# Electric field inside a conductor not zero

• prismaticcore
In summary, the conversation discusses the possibility of creating an electric field that would result in a net electric field inside a neutral conductor. It is mentioned that in a perfect conductor, the infinite amount of free charges would cancel out the electric field inside, but in a non-ideal conductor, there may not be enough free charges to completely cancel the field, leading to a net electric field and potential flow of charges inside the conductor. There is also a discussion about the direction of the electric field and potential force on the conductor.
prismaticcore

## Homework Statement

Is it possible to create an electric field such that a neutral conductor will experience a net electric field inside?

## The Attempt at a Solution

The definition of perfect conductor is that there are an infinite amount of charges free to move so that electric fields will cancel on the inside. How about the case for the not ideal conductor? Will there be a point where the electric field is so strong that the finite amount of free charge to distribute will not cancel it on the inside of the conductor? What are such examples in the physical world?

Griffiths says that charge will continue to flow to the surface of the conductor until the cancellation of the field is complete. However, if there are not enough charges (which may be the case in a real conductor), the total cancellation may not be complete, resulting in a net E field inside. If there's a net E-field, the charges inside the conductor will keep moving around, perhaps forever. Does this violate some sort of conservation law?

In that case, uncanceled electric field's direction is the same of external electric field.
Which means there's no eternal flow of charges inside the unideal conductor.
As a result, the conductor will experience the force which is attempting to destroy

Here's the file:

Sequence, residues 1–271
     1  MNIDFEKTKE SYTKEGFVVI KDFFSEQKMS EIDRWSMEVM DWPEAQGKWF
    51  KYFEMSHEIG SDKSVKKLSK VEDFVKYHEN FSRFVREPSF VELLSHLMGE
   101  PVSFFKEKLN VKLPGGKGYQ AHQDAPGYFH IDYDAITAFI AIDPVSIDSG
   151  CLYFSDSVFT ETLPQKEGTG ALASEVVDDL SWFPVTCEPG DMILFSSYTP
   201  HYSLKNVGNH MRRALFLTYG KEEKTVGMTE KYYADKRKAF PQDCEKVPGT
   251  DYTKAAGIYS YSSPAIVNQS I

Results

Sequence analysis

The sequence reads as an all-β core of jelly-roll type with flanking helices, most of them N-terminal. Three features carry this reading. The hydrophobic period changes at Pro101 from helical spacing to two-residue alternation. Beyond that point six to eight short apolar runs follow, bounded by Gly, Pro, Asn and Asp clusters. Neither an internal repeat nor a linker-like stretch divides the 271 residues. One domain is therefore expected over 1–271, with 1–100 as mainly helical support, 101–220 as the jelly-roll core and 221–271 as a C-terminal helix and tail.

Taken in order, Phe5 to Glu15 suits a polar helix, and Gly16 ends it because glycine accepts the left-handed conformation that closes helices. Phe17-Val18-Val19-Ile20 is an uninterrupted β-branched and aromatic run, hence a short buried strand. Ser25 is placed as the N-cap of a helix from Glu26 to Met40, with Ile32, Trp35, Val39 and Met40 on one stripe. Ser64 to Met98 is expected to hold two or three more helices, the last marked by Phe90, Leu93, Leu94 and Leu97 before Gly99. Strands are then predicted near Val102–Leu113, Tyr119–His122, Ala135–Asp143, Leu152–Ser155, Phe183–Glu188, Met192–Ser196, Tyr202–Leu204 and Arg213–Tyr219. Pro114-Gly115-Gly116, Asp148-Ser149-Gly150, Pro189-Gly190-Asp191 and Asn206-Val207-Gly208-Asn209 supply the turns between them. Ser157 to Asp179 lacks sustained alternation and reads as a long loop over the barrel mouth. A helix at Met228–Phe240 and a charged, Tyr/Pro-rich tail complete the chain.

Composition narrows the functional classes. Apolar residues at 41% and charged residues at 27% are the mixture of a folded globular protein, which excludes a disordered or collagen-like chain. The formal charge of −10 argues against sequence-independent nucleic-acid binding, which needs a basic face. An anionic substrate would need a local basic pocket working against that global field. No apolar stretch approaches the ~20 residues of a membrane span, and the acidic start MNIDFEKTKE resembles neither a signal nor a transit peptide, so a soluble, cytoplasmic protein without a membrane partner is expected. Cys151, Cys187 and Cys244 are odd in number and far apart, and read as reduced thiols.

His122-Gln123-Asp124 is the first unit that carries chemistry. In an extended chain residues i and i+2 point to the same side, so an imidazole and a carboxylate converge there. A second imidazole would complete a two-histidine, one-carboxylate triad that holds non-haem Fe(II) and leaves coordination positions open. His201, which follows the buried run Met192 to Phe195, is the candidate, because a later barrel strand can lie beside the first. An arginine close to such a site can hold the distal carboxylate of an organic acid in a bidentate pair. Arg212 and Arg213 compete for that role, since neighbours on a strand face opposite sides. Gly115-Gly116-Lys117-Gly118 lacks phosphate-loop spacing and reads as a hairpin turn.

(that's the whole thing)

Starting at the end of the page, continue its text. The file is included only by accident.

the conductor because (-)charges on one side of conductor are heading opposite to
external EF and (+) charges on the other side of conductor are heading to the same direction
of external EF.

other people to explain this problem in the right way. :-)

Yes, it is possible to create an electric field inside a neutral conductor. This can occur in non-ideal conductors where there is a finite amount of free charge available to distribute. In this case, the electric field inside the conductor may not be zero since the charges may not be able to fully cancel out the electric field.

Such examples can be seen in real-world scenarios, such as in a lightning rod during a thunderstorm. The electric field inside the rod may not be zero due to the finite amount of free charges available to distribute and the strong electric field from the storm. Another example could be in a charged capacitor, where the electric field inside the capacitor plates may not be zero due to the finite amount of free charges on the plates.

In conclusion, it is possible to create an electric field inside a neutral conductor, especially in non-ideal conductors where there is a limited amount of free charge available to distribute.

## 1. How is it possible for an electric field to exist inside a conductor?

Contrary to popular belief, electric field can exist inside a conductor. This is because the charges inside a conductor are free to move, allowing the electric field to penetrate through the conductor.

## 2. Why is the electric field inside a conductor not zero?

The electric field inside a conductor is not zero because of the presence of free charges. These charges create an electric field that is equal and opposite to the external electric field, resulting in a net electric field of zero in the conductor's interior. However, the electric field can still exist near the surface of the conductor.

## 3. Does the electric field inside a conductor affect the charges inside it?

Yes, the electric field inside a conductor can affect the charges inside it. When an external electric field is applied to a conductor, the free charges inside the conductor will rearrange themselves in such a way that the resulting electric field inside the conductor is zero.

## 4. How does the shape and size of a conductor affect the electric field inside it?

The shape and size of a conductor can affect the electric field inside it. A larger conductor will have a lower electric field inside it compared to a smaller conductor, as there is more space for the charges to distribute and cancel out the external electric field. The shape of the conductor can also affect the distribution of charges and therefore the electric field inside.

## 5. Can the electric field inside a conductor change?

Yes, the electric field inside a conductor can change. When the external electric field applied to a conductor changes, the charges inside the conductor will rearrange themselves to cancel out the new external electric field, resulting in a change in the electric field inside the conductor. Additionally, if the shape or size of the conductor changes, the electric field inside may also change.

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